Changes that could toughen the capital gains tax regime for wealthy foreigners could further cloud a darkening backdrop in real estate, experts said on Monday.

As the Financial Times revealed on Monday, the Treasury is keen to clamp down on offshore trusts that allow “non-domiciled” residents to escape tax on their UK investments. The move comes as prices are already falling in commercial property amid widespread fears of a prolonged slowdown.

More than half the £1m-plus properties in central London are sold to “inter­national” buyers, according to research from Savills, the estate agents. Most of those are “non-doms”, says Lucian Cook, head of residential research at the group.

“They would be quite concerned about possible changes to the tax environment, given that this is one of the handful of reasons that have attracted them here,” says Mr Cook.

“The tax-favourable status is one of the four pillars which make London popular, along with its financial status, its secure political environment and the idea that it is the place to be.”

The Chartered Institute of Taxation has warned that measures being considered by the Treasury could have a “profound” impact.

In residential property, non-doms accounted for more than 70 per cent of homes over £4m sold in the 18 months to June 2007, according to Savills. Their spending power has been a crucial driver of rapid house price growth in central London, where values have leapt about 40 per cent in a year. Mr Cook believes the original £30,000 levy introduced in the pre-budget report has only caused a “flutter” so far. “There would be much greater concern if established ownership vehicles which protect worldwide wealth were to be targeted.”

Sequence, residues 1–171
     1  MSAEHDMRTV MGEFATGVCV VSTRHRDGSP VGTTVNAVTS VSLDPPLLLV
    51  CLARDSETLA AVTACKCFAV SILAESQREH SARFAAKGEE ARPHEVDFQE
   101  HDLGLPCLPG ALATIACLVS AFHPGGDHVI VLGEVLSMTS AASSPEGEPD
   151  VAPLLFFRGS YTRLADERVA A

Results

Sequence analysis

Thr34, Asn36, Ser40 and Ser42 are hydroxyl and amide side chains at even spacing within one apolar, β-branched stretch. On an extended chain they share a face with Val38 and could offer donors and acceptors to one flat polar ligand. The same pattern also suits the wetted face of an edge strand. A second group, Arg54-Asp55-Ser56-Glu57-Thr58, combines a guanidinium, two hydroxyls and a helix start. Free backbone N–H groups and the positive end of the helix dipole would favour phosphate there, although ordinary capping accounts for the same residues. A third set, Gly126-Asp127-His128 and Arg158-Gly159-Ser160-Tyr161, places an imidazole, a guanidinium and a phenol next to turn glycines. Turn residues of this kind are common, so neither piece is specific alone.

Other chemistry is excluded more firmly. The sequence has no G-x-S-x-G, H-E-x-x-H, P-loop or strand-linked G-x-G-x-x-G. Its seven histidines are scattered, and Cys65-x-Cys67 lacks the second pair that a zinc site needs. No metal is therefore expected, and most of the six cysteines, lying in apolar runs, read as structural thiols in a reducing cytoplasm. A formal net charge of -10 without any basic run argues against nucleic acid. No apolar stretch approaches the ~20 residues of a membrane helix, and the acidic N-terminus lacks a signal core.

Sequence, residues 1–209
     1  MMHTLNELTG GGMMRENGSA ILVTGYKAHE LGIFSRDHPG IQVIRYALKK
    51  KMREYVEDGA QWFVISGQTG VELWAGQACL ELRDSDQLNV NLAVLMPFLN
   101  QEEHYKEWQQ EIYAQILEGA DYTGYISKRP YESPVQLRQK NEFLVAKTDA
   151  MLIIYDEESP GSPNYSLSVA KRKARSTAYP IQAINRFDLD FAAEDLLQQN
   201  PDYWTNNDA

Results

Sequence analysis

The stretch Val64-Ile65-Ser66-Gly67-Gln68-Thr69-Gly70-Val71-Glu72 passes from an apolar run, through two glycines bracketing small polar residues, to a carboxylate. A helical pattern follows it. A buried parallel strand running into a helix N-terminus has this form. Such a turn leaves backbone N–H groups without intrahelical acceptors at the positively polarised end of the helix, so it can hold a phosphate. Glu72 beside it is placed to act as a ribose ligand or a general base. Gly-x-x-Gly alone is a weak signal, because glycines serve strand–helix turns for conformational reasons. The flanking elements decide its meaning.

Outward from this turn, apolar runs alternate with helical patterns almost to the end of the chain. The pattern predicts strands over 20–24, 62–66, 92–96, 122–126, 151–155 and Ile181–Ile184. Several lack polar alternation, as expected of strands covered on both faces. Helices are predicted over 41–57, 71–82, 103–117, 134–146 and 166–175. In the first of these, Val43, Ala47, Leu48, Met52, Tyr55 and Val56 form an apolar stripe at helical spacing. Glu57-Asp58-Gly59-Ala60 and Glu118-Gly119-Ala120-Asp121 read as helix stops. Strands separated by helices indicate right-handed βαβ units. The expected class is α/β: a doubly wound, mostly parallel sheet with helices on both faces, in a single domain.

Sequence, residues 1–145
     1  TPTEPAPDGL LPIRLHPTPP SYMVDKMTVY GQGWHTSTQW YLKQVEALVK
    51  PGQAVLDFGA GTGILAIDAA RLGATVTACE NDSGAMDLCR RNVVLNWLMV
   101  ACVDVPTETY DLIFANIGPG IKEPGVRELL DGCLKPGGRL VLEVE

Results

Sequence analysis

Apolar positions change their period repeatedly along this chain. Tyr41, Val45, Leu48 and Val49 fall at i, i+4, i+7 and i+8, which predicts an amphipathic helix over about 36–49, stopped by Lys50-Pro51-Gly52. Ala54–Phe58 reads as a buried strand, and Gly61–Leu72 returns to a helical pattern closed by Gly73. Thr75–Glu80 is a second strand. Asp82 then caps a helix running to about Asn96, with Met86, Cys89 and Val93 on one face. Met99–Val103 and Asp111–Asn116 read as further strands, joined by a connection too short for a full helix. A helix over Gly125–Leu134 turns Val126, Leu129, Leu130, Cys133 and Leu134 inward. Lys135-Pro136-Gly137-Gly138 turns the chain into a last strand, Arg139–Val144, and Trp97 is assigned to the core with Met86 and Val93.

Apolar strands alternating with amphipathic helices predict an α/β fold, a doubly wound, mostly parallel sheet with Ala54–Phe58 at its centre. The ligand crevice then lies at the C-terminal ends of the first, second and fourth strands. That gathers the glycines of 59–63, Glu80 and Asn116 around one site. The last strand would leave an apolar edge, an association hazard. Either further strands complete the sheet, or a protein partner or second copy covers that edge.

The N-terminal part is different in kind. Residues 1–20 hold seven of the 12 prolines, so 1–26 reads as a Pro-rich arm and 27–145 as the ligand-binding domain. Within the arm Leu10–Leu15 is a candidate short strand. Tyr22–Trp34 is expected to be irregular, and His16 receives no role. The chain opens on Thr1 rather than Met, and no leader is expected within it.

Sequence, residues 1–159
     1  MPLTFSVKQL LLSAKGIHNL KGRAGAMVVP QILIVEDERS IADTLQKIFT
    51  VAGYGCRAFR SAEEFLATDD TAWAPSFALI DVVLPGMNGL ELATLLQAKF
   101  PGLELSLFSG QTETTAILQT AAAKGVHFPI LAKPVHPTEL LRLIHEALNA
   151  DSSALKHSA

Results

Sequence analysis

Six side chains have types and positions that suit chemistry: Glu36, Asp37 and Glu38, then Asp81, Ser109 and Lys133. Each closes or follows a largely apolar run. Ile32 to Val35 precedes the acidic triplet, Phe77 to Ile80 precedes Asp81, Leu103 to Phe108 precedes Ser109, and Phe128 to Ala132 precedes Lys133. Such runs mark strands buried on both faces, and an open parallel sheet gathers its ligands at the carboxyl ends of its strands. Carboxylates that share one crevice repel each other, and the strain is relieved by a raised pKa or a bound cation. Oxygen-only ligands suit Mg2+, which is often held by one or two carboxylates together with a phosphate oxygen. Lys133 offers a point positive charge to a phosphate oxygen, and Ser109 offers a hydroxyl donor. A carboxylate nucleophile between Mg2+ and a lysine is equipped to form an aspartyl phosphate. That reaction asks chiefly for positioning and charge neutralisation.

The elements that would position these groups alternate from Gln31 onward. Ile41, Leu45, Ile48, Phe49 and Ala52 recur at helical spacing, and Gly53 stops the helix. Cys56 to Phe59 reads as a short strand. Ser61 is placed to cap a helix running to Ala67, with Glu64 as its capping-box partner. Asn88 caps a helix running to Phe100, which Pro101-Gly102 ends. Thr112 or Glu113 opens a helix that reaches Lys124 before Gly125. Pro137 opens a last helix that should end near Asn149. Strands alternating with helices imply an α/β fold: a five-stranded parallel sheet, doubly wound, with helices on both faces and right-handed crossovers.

There are also implications for owners of commercial property, according to Nigel Barker, a tax partner at Deloitte. “There is a substantial number of that type of investor who is non-domiciled and has been able to make capital gains free of UK tax. At present property can be sheltered from UK tax. That is going to be difficult going forward, using the same structures.”

Separately, many experts predict the housing market could see a big distortion in spring as a result of changes to capital gains tax.

UK landlords from next April will pay just 18 per cent CGT instead of 40 per cent on property sales. The reduction could pave the way for a wave of disposals by disillusioned buy-to-let investors.

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